In this April 24, 2013 photo, a North Korean woman pulls a cart on a rural road east of Kaesong, North Korea near the demilitarized zone that separates the two Koreas. (AP Photo/David Guttenfelder)
PYONGYANG, North Korea (AP) — The heart of this city, once famous for its Dickensian darkness, now pulsates with neon.
Glossy construction downtown has altered the Pyongyang skyline. Inside supermarkets where shopgirls wear French designer labels, people with money can buy Italian wine, Swiss chocolates, kiwifruit imported from New Zealand and fresh-baked croissants. They can get facials, lie in tanning booths, play a round of mini golf or sip cappuccinos and cocktails while listening to classical music.
More than a million people are using cell phones. Computer shops can’t keep up with demand for North Korea’s locally distributed tablet computer, popularly known here as “iPads.” A shiny new cancer institute features a $900,000 X-ray machine imported from Europe.
Pyongyang has long been a city apart from the rest of North Korea, a showcase capital dubbed a “socialist fairyland” by state media.
A year after leader Kim Jong Un promised in a speech to bring an end to the “era of belt-tightening” and economic hardship in North Korea, the gap between the haves and have-nots has only grown with Pyongyang’s transformation.
Beyond the main streets of the capital and in the towns and villages beyond, life is grindingly tough. Food is rationed, electricity is a precious commodity and people get around by walking, cycling or hopping into the backs of trucks. Most homes lack running water or plumbing. Health care is free, but aid workers say medicine is in short supply.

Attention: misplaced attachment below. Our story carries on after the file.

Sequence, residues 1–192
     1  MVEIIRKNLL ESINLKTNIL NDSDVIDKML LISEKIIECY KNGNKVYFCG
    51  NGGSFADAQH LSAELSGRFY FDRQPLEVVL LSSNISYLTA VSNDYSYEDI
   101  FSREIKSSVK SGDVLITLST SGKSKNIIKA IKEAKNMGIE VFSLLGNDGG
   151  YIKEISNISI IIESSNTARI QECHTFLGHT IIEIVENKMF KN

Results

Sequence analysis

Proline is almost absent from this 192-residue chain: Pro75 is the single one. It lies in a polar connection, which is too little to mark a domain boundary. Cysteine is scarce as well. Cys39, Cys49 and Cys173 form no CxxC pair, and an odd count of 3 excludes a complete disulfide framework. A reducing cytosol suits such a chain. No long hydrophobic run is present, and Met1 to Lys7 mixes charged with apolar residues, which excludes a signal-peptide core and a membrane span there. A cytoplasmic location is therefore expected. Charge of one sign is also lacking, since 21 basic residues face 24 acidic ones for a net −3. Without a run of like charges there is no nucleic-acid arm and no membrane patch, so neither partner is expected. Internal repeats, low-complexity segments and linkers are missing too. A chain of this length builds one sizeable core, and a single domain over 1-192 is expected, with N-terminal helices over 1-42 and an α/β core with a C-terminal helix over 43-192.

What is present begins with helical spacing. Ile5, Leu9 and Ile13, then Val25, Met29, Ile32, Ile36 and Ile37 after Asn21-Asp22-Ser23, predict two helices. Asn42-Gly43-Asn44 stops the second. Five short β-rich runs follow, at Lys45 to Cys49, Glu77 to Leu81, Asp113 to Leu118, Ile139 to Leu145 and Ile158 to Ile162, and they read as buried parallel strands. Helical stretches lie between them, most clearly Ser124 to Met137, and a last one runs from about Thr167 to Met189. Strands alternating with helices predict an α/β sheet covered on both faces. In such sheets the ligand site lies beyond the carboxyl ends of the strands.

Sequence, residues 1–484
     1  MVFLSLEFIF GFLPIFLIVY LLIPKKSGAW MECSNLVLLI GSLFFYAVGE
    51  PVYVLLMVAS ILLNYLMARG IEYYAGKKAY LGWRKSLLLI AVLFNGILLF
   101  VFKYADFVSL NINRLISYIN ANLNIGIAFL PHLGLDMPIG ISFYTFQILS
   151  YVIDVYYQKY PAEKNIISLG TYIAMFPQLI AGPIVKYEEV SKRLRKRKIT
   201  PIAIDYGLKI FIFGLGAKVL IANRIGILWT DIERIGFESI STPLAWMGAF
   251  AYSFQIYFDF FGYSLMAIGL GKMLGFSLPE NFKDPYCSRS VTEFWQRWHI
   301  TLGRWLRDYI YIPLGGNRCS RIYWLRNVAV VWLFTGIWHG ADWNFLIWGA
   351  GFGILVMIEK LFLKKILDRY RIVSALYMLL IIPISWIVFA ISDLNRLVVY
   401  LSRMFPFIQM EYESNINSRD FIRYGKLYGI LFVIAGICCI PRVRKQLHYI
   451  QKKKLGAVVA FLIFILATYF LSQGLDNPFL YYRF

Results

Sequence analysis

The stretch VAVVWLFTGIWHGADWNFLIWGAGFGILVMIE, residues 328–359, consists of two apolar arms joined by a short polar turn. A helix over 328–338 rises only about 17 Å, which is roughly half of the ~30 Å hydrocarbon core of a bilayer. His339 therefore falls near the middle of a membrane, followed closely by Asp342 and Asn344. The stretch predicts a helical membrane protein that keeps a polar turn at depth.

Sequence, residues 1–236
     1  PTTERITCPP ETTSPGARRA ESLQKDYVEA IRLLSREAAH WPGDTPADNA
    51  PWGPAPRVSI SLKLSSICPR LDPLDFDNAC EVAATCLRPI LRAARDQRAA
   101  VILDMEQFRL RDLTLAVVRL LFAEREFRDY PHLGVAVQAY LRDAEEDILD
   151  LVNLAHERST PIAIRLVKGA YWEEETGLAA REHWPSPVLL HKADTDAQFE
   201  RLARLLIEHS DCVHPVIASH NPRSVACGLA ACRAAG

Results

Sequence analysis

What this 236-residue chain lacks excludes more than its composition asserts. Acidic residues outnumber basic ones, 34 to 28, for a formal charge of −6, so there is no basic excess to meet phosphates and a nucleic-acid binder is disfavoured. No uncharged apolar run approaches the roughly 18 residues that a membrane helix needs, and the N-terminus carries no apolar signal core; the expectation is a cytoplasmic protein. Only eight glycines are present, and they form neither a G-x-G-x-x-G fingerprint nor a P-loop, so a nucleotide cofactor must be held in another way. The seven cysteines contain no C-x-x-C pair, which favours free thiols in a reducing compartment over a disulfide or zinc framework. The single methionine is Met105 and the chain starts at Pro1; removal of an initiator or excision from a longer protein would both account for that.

And while the differences between the showcase capital and the hardscrabble countryside grow starker, North Koreans feel the effects of authoritarian rule no matter where they live.
It’s illegal for them to interact with foreigners without permission. Very few have access to the Internet. They calibrate their words. Most parrot phrases they’ve heard in state media, still the safest way to answer questions in a country where state security remains tight and terrifying.
For decades, North Korea seemed a country trapped in time. Rickety streetcars shuddered past concrete-block apartment buildings with broken window panes and chipped front steps.
But in 2010 and throughout 2011, as then-leader Kim Jong Il was grooming son Kim Jong Un to succeed him, Pyongyang was a city under construction. Scaffolding covered the fronts of buildings across the city. Red banners painted with slogan “At a breath” — implying breakneck work at a breathless pace — fluttered from the skeletons of skyscrapers built by soldiers.
Often, the soldiers were scrawny conscripts in thin Login to read more